1. Agreed. Gronk can’t win the game by himself. He’ll get his catches and maybe a TD or two, but one guy can’t win by himself. Also you mentioned “Plus we have Davante Adams, Quarless and R. Rodgers and maybe Bostick today.” Don’t forget about Jarrett Boykin. I know he had a groin injury, but am disappointed at his lack of use after having nearly 50 catches last year.

      1. That guy has dropped si many balls this season he is basically unusable. I had high hopes for Boykin but when I saw him drop at least 5 passes over the first few games I lost all hope. He’s been thrown at plenty of times this season and he might have 5 catches if he’s lucky. He’s been a liability.

        1. I do recall 2 drops, but I also recall two other passes sailing high over his head too. According to Yahoo, he’s only gotten 9 targets all season, which is hardly plenty of targets. He got 3 vs. the Jets (1 catch, 6 yds) , 4 vs. Detroit (1 catch, 11 yds), and then 1 target vs. Chicago and Philly (0 catches). I agree he has not made enough plays, but he’s not getting the opportunities either. We saw what he could last season with all the injuries. He will wind up somewhere else and I’m confident he’ll be a solid WR2 or WR3.

  5. I have heard and read all the analysis on this game and there is nothing surprising, not that there should be. Two great QB’s, two very hot teams. How are the Packers going to cover Gronk? What will Belicheat do to cover Nelson and Cobb? In the end, it will all come down to execution. Schemes are great but players have to execute. There is one thing that I have not read too much about and that is Rodger’s ability to run with the football. Not that he is Kapernick (thank God), but keeping plays alive with his feet is a definite advantage Rodgers has over Brady and I would not be surprise if this game comes down to a crucial run by Rodgers.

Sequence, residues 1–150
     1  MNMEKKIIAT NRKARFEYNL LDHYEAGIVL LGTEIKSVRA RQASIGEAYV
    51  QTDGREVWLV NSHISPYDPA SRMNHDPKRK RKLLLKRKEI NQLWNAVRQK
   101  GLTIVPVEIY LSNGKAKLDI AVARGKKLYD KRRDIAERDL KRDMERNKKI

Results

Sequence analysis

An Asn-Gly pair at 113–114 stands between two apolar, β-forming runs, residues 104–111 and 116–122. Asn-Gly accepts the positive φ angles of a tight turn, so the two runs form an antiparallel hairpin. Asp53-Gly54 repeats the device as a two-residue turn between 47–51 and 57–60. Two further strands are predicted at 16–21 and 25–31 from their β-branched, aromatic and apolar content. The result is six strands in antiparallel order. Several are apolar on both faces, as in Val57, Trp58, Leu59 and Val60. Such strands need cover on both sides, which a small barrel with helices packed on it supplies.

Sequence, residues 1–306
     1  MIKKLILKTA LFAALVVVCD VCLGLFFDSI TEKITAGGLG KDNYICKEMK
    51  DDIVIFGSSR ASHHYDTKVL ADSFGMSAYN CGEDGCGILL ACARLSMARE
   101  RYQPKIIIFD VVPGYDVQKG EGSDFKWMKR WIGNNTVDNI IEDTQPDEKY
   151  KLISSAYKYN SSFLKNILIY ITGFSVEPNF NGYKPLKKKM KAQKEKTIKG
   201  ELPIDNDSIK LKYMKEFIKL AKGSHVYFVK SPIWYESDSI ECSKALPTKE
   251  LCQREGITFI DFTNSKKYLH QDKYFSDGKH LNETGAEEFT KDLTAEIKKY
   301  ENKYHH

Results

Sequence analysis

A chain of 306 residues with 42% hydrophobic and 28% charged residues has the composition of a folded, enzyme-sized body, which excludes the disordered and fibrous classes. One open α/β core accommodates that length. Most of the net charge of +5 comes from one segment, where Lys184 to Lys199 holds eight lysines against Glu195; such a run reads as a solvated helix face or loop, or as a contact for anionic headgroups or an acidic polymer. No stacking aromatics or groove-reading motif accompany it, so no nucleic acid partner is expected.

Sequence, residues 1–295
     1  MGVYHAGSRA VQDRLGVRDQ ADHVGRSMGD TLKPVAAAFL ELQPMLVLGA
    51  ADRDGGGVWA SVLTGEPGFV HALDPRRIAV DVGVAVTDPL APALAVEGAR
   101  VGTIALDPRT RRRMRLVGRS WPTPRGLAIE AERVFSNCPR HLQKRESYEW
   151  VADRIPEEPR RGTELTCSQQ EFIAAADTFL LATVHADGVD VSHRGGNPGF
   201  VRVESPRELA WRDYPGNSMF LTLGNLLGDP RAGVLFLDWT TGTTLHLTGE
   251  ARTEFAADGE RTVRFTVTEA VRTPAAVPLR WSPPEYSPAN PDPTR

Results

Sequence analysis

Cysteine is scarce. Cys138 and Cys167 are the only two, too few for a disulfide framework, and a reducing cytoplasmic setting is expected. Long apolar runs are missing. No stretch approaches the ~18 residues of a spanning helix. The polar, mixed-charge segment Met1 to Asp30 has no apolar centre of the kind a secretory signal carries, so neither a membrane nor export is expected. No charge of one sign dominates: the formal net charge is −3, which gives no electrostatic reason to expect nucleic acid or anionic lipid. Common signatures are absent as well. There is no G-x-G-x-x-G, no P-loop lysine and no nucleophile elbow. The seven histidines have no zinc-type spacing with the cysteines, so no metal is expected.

6. I’m actually rather confident. Our secondary can handle their WR’s, they’ve dealt with much tougher. Rodgers and Lacy is a lethal combination. Our OL has been excellent for some time. And as for Gronk, I like that our one major weakness, Hawk, has become only a two down player, (I wish it was less), with Mathews Hyde/Heyward roaming the middle, and a little help from Richardson, I think we handle Gronk. Revis will be glued to Cobb or Nelson and watching as Davante or Boykin runs by him. I feel better about this game than I did about Minnesota. The biggest reason, we win… Rodgers. He knows this is a big game for the Pack, but for him as well. He wants this challenge. I saw him throw 22 straight completions against Southern Cal when they were a powerhouse. This is a guy who hates being under appreciated and he will enter a zone we haven’t seen yet. Now I need to get ready, I have 50 yard line seats. Pack wins big, 45-21.

    1. Great seats! I think it’ll be closer than 45-21 though. As good as Brandon Browner is for New England (former Seahawk), his lack of speed is well known and will need safety help whether covering Cobb or Nelson. Pack needs to take advantage of that, as there will be openings in coverage.

  7. Too many times the Packers just didn’t show up for the big games. Just show up and play hard and smart, and I’ll enjoy it whatever the outcome.
    I wouldn’t be surprised if Belichik has a game plan already guessing that GB will focus on Gronk, and Belichik,uses Gronk as decoy the whole game, and plans another secret weapon such as Tim Wright. That would be like him to be a step ahead of MM.

  8. We may a have a rematch with NE at season’s end in Arizona. It will be good to play them now as opposed to only once in the Super Bowl. A few years ago we beat the Giants at home and in the playoffs they returned the favor. So, if we do happen to lose today, I hope we learn some valuable lessons for later.